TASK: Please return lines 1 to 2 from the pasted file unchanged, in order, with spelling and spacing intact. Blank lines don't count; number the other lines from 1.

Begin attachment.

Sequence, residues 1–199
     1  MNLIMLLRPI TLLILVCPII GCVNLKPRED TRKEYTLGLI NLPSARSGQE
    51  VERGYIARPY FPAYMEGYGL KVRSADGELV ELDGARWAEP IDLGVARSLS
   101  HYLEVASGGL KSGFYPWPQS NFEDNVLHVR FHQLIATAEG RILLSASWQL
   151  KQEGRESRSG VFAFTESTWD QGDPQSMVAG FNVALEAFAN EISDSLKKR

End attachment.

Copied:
Sequence, residues 1–199
     1  MNLIMLLRPI TLLILVCPII GCVNLKPRED TRKEYTLGLI NLPSARSGQE